Early Childhood Funders Collaborative Invites You to:
Wednesday, June 5th, 1:00-2:00 pm
The Decennial Census happens every ten years and it is the only time we count everyone--adults, children and babies, citizens, and immigrants. Census data informs the allocation of federal, state, and local dollars while states, localities, and businesses use census data for community planning, including where to open new stores and distribute school funding.
Yet, in 2010, one in ten young children were missed in the Census, mostly due to households leaving them off in the questionnaire. A complete count of young children in the Census is critical to the child's and family's access to resources such as housing, child care, equitable education, and health care. Early childhood funders also face obstacles in advocating for children and families when Census data are unreliable and incomplete.
Join us for a conversation with and for funders to explore the factors contributing to young children's under-count in the Census and actionable strategies that funders can undertake to ensure that every child is counted when the next Census takes place on April 1, 2020.
Kiki Jamieson, Ph.D., President, The Fund for New Jersey
· Florencia Gutierrez, Senior Policy Associate, KIDSCOUNT at The Annie E. Casey Foundation
· Moderated by Deborah Stein, Network Director, Partnership for America's Children
NACO - Counting All Children in the 2020 Census
The 2010 Decennial Census missed 2.2 million young children ages 0-4, or one in 10 young children. If the Census had counted every child correctly, states would have received over a half billion dollars a year more in funding just from five federal programs. The undercount of young children has been growing for the last 40 years, and this trend may continue in 2020. The Count All Kids Campaign is developing tools that counties and Complete Count Committees can use to help count every child in their community.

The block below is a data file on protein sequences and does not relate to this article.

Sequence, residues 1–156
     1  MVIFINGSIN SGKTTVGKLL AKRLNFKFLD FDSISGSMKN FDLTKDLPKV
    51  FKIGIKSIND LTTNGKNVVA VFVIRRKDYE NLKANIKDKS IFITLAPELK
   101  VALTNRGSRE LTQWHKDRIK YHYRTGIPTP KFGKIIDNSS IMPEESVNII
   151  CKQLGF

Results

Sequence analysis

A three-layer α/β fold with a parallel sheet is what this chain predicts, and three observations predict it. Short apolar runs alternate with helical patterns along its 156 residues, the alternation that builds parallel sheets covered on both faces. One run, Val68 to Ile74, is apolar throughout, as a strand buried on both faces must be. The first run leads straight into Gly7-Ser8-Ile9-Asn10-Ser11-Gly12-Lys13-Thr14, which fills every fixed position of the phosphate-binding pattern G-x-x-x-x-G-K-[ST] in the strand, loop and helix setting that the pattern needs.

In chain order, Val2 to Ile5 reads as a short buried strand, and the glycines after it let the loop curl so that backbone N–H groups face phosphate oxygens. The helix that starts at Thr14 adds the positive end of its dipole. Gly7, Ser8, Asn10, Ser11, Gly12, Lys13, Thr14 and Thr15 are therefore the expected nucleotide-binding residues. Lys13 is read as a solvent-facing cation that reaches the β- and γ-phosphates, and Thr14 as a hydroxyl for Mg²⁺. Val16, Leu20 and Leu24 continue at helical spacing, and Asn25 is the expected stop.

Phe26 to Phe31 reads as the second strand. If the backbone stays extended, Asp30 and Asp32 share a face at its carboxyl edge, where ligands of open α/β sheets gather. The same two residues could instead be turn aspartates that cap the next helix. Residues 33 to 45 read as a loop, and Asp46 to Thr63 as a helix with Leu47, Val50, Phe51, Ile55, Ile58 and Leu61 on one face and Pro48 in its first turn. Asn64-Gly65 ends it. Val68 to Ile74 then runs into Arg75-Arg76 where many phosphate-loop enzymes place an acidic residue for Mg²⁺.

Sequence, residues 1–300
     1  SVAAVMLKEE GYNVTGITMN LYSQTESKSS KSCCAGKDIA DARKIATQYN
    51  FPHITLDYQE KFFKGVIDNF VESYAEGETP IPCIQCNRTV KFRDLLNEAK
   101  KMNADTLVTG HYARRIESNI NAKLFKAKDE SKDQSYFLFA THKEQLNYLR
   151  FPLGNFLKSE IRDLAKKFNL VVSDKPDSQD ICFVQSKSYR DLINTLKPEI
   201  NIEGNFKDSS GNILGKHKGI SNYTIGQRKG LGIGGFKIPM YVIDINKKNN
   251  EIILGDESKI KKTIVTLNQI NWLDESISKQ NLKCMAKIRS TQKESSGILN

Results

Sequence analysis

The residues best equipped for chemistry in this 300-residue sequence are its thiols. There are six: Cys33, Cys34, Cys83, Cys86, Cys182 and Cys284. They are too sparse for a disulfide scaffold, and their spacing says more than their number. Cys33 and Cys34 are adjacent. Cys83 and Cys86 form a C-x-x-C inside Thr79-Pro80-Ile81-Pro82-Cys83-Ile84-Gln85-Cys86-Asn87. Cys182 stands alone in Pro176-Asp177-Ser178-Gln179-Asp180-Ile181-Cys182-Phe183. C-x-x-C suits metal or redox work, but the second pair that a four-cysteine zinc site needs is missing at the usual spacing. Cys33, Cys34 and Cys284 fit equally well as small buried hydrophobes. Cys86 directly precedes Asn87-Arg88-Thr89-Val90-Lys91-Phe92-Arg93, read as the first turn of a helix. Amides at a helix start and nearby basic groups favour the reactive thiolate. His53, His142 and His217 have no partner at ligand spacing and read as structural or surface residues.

Deborah Stein, Network Director for the Partnership for America's Children, and a leader of the Count All Kids Campaign discussed the following:
- Why counting all children helps them thrive
- Which children are at risk of being missed in the Census, and why they are missed
- What tools they are developing to improve the count of young children
- What steps counties can take now and in 2020
NALEO - A Briefing on the Latino State of the Census 2020
Earlier this month, NALEO Educational Fund and the National Latino Commission on Census 2020 hosted a briefing of the Latino State of Census 2020.
During the briefing, the Commission released a new report outlining its findings and recommendations for how Congress, the Administration and the U.S. Census Bureau can act now to ensure the Latino community is fully counted in Census 2020.
Speakers included: Arturo Vargas, NALEO Educational Fund CEO, California Secretary of State and National Latino Census Commission Co-Chair Alex Padilla and Miami-Dade County School Board Member and National Latino Census Commission Co-Chair Lubby Navarro.